Non-small cell lung cancer (NSCLC) and small cell lung cancer (SCLC) are the two major lung cancer subtypes that account for about 80% and 10–20% of the total cases, respectively. Patients with surgically resectable early stage lung cancer (mostly stage I and stage II) have more treatment options and better overall prognosis. For instance, the five-year survival rate of stage I NSCLC is about 50%, much higher than that of stage IV NSCLC, which is less than 5% according to the National Cancer Institute (http://www.cancer.org/). However, only 10–20% of the patients can be diagnosed at such an early stage. At the time of diagnosis, most patients have developed advanced lung cancer that associates with metastasis, namely, the spread of lung cancer cells to distant sites (most frequently to the lymph nodes, the liver, the brain, the bones, and the adrenal glands). As there is no clinically effective therapy available for treatment or prevention of metastasis, it has remained the primary cause of lung cancer death. Thus, the identification of novel molecular targets and biomarkers for early detection and better treatment will significantly improve our capacity to manage this deadly disease.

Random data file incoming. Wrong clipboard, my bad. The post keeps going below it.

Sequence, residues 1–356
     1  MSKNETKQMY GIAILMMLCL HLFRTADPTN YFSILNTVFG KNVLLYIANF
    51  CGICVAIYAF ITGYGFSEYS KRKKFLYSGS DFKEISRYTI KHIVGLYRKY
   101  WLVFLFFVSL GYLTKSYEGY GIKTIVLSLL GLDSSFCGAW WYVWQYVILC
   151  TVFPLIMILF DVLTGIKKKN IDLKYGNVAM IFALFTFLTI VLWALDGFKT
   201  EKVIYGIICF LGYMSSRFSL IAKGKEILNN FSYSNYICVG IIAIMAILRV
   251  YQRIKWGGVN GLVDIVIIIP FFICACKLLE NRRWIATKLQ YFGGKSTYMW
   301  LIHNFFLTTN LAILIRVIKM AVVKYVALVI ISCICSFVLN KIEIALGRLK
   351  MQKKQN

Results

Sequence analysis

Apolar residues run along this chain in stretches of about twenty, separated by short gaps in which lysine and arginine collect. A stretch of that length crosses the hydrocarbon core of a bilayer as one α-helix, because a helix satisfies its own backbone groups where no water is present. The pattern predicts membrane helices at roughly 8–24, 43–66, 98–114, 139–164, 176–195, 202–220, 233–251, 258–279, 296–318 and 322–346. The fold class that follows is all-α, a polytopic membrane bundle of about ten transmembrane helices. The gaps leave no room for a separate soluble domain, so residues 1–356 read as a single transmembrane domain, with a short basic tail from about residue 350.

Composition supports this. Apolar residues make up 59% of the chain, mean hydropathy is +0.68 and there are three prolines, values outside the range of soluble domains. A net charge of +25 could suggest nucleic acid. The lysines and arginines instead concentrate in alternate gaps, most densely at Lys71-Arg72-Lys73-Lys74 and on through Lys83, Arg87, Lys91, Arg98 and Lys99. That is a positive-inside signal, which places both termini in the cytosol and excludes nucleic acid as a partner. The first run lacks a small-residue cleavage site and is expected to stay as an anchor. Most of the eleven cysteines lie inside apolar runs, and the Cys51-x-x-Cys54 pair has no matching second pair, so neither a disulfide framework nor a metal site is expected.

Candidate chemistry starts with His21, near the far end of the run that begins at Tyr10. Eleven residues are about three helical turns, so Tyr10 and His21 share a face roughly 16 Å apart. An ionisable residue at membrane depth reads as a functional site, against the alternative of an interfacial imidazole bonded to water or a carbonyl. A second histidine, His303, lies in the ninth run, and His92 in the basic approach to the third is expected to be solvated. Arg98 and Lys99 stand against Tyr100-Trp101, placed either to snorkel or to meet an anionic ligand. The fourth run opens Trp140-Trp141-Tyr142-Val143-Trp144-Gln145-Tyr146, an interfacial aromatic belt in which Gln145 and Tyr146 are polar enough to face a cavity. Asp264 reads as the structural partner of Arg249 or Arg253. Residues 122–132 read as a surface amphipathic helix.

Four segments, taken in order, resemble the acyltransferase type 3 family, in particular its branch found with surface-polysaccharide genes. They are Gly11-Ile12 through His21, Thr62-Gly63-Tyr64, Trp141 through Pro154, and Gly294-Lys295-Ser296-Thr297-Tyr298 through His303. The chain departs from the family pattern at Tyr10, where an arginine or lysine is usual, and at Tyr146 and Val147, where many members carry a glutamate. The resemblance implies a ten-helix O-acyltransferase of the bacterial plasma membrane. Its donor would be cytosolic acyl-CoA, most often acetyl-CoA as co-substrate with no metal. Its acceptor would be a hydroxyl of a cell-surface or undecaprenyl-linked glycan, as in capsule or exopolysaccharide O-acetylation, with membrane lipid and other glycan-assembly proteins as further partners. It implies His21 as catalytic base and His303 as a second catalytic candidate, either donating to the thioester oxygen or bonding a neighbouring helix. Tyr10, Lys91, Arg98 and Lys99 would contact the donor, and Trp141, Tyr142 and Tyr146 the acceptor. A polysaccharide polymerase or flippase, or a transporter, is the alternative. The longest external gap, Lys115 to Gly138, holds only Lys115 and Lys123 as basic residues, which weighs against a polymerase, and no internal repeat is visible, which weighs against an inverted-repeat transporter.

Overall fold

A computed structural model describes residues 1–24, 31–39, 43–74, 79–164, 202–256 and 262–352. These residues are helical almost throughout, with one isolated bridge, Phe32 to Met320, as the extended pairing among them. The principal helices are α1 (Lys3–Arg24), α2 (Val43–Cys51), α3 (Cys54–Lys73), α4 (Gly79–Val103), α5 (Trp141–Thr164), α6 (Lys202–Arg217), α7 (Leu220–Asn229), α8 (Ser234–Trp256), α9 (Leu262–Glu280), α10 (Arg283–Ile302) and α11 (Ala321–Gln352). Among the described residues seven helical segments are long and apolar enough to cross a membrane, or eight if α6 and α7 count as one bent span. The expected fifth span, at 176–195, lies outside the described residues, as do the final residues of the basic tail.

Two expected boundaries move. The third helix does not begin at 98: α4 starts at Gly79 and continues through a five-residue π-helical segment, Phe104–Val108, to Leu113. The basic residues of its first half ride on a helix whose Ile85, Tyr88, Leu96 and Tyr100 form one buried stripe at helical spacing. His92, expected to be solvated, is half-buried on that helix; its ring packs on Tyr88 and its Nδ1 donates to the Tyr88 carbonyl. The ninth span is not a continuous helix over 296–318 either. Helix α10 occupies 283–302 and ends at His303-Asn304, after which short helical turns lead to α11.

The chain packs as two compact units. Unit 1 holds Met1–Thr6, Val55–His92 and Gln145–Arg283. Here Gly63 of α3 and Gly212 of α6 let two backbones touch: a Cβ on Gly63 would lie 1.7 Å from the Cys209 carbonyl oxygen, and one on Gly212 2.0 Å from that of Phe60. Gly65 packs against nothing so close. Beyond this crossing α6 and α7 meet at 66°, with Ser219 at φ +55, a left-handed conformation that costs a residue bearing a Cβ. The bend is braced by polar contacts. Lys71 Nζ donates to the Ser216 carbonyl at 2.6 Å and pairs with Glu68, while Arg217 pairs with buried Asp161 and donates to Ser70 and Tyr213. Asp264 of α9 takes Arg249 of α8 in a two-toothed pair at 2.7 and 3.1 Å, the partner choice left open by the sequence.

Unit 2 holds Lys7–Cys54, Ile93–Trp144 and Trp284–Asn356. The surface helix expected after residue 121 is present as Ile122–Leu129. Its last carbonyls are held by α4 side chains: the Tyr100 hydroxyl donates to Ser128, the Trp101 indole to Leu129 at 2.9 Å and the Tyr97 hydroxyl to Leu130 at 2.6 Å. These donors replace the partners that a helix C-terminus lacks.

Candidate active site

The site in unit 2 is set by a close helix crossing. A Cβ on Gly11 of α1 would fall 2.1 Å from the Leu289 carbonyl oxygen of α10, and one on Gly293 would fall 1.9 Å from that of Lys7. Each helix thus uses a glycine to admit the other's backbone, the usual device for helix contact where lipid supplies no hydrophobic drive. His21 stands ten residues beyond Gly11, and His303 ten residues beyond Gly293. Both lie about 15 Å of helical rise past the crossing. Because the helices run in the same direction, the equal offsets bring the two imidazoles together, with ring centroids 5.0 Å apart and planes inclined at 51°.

NOTCH1 Signaling in Cancer Cells. NOTCH1 belongs to the NOTCH family of transmembrane proteins that consist of four members (NOTCH1, NOTCH2, NOTCH3, and NOTCH4) and serve as receptors for NOTCH ligands, which are also membrane-bound proteins [4, 5]. As such, the interaction of NOTCH with NOTCH ligands on the surface of cancer cells and their adjacent cells (e.g., stromal cells or other cancer cells) plays a critical role in the cell contact-dependent intercellular communications (Figure 1). At least two classes of NOTCH ligands, including the Jagged proteins (JAG1 and JAG2) and Delta-like proteins (DLL1, DLL3, and DLL4), have been identified [4–6]. Upon the binding with NOTCH ligands, NOTCH1 will be cleaved by several proteases, including -secretases, to release its intracellular domain (NICD1), which can translocate to the nucleus and act as a transcription cofactor to regulate target gene expression in a cell-context-dependent manner (Figure 1; reviewed in [4–6]). Recent studies have shown that NOTCH1 is implicated in carcinogenesis in a variety of human malignancies by regulating many basic processes essential for cancer development and progression, including the cell growth, survival, apoptosis, migration, and invasion [6–9], suggesting a potential role for NOTCH1 as both a therapeutic target and a biomarker for early detection of cancer. In lung cancer, previous studies have shown that NOTCH1 acts as a driver of lung tumor initiation, growth, and metastasis. However, completely opposite findings were also reported, suggesting that the role of NOTCH1 in lung cancer is highly context-dependent and may be associated with disease subtypes or specific genetic changes.